When comparing feeding damage in different tree species, the feeding damage in slash pines is located adjacent to the live tissue underneath the bark, which differs from hardwood trees, wherein the damage is located in a central cavity far from the live tissue. It is possible that the heartwood of pines is resistant to termite attack because of its density and concentration of allelochemicals (Scheffrahn et al. 1988; Scheffrahn 1991). Ultimately, this may serve to restrict C. gestroi to the outer layers of the tree trunk. One key observation we made is that termite-infested pine trees did not produce resin secretions to flush insects out of their trunk, like pines would do with some beetle infestations (Phillips & Croteau 1999). One of the possibilities for the absence of defensive secretion is that C. gestroi deposits fecal material in direct contact to the wood chamber that was excavated. We suggest that such fecal deposition may be analogous to a bandage to the wound, inhibiting subsequent secretions from the pine tree, keeping termites safe from the tree's defense. However, a chemical analysis is necessary to confirm if the fecal deposit in direct contact with the wood is saturated with resin. Alternatively, slash pine trees that are heavily infested with C. gestroi may have been stressed previously by other factors, weakening the tree and preventing it from producing the resin.
Some may argue that it is unknown if the termite damage is the cause or a consequence of the initial stress to P. elliottii, as other stress sources may ultimately be responsible for slash pine decline. Because of the long life cycle of this termite species (> 5 yr), and the challenge to infest slash pines with C. gestroi colonies and wait for feeding damage (it may take up to 10 additional yr) while preventing any other stress sources, it is logistically difficult to test for the Koch's postulate in this system. It is possible that P. elliottii in urban setups are already stressed by a wide range of factors, and that C. gestroi is taking advantage only of weakened trees. We noticed that many trees had what appeared to be numerous cerambycid (Coleoptera) exit holes, in absence of sap secretion. These trees were therefore stressed, but it is unknown if termites where the initial stress factor and if beetles came before or after the stress from termite damage. Urban stresses from additional sources contributing to P. elliottii decline cannot be ignored. Grade changes due to construction, soil compaction due to reoccurring landscape maintenance operations (frequent mowing), excessive irrigation and fertilization, potential diseases, and other insects all may take their toll. Urbanization, therefore, may be a confounding stress factor that can exacerbate the susceptibility of slash pines to wood destroying insects, including C. gestroi.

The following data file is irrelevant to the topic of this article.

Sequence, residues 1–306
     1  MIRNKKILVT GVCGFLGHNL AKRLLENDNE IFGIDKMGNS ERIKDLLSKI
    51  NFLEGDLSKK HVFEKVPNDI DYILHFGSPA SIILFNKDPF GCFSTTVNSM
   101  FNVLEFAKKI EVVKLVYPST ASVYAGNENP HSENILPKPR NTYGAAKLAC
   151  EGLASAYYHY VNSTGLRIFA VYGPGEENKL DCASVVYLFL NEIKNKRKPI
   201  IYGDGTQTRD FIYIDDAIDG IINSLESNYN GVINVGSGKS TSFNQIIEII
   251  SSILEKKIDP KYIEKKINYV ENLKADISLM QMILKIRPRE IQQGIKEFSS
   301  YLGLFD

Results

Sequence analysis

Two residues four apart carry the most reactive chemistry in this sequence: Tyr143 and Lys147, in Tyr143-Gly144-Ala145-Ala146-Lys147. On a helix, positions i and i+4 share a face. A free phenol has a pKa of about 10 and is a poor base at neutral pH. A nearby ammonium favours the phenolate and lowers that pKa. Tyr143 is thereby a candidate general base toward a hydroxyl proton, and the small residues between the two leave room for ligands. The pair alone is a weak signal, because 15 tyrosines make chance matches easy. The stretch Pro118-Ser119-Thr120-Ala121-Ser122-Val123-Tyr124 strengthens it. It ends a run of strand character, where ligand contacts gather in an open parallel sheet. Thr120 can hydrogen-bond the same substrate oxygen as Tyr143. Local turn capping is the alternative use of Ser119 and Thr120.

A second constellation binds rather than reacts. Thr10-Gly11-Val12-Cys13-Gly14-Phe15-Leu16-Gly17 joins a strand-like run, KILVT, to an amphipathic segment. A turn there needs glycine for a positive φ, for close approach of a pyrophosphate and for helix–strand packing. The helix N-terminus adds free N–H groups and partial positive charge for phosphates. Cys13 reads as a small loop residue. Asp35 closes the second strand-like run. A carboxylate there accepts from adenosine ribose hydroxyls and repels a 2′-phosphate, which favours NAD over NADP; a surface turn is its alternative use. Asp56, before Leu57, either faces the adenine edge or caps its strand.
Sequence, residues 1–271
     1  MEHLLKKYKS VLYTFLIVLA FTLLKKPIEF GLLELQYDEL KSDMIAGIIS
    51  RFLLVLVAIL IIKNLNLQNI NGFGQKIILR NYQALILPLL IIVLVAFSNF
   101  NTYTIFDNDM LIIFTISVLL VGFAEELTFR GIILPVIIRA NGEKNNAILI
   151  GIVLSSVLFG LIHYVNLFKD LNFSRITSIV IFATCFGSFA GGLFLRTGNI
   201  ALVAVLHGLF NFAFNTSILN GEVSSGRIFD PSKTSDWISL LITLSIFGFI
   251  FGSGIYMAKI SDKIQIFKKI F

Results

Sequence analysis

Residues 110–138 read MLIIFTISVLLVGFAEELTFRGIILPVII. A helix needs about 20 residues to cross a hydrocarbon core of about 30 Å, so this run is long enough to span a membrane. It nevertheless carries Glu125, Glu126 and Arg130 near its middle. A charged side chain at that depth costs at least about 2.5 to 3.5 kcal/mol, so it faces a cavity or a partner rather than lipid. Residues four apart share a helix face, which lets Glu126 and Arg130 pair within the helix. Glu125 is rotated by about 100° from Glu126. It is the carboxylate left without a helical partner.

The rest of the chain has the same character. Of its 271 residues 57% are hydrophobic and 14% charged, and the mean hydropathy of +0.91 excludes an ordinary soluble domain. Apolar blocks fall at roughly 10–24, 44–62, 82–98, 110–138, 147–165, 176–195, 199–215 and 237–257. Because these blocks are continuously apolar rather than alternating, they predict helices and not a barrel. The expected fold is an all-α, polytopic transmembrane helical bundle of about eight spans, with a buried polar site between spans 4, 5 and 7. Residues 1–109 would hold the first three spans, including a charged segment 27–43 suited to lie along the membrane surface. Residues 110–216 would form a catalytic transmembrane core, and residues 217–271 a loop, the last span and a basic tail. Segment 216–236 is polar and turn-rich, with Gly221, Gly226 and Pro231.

It is remarkable that C. gestroi was detected more often in P. elliottii around residential areas (58%) than in the 3 parks (18% of the trees we surveyed). The difference in surrounding vegetation and urbanization composition, and in relative densities of slash pines, may be an important factor influencing the rate of C. gestroi infestation. One additional factor may be the relative absence of city lights in the direct proximity of pine trees in parks, as Chouvenc et al. (2017) showed that C. gestroi alates were attracted to light during dispersal flights at dusk in early Mar. As the city lights automatically turned on, alates are directly attracted to them. Therefore, the presence of city lights in the residential area may be responsible for a higher incidence of C. gestroi in the landscape around structures, in addition to other factors.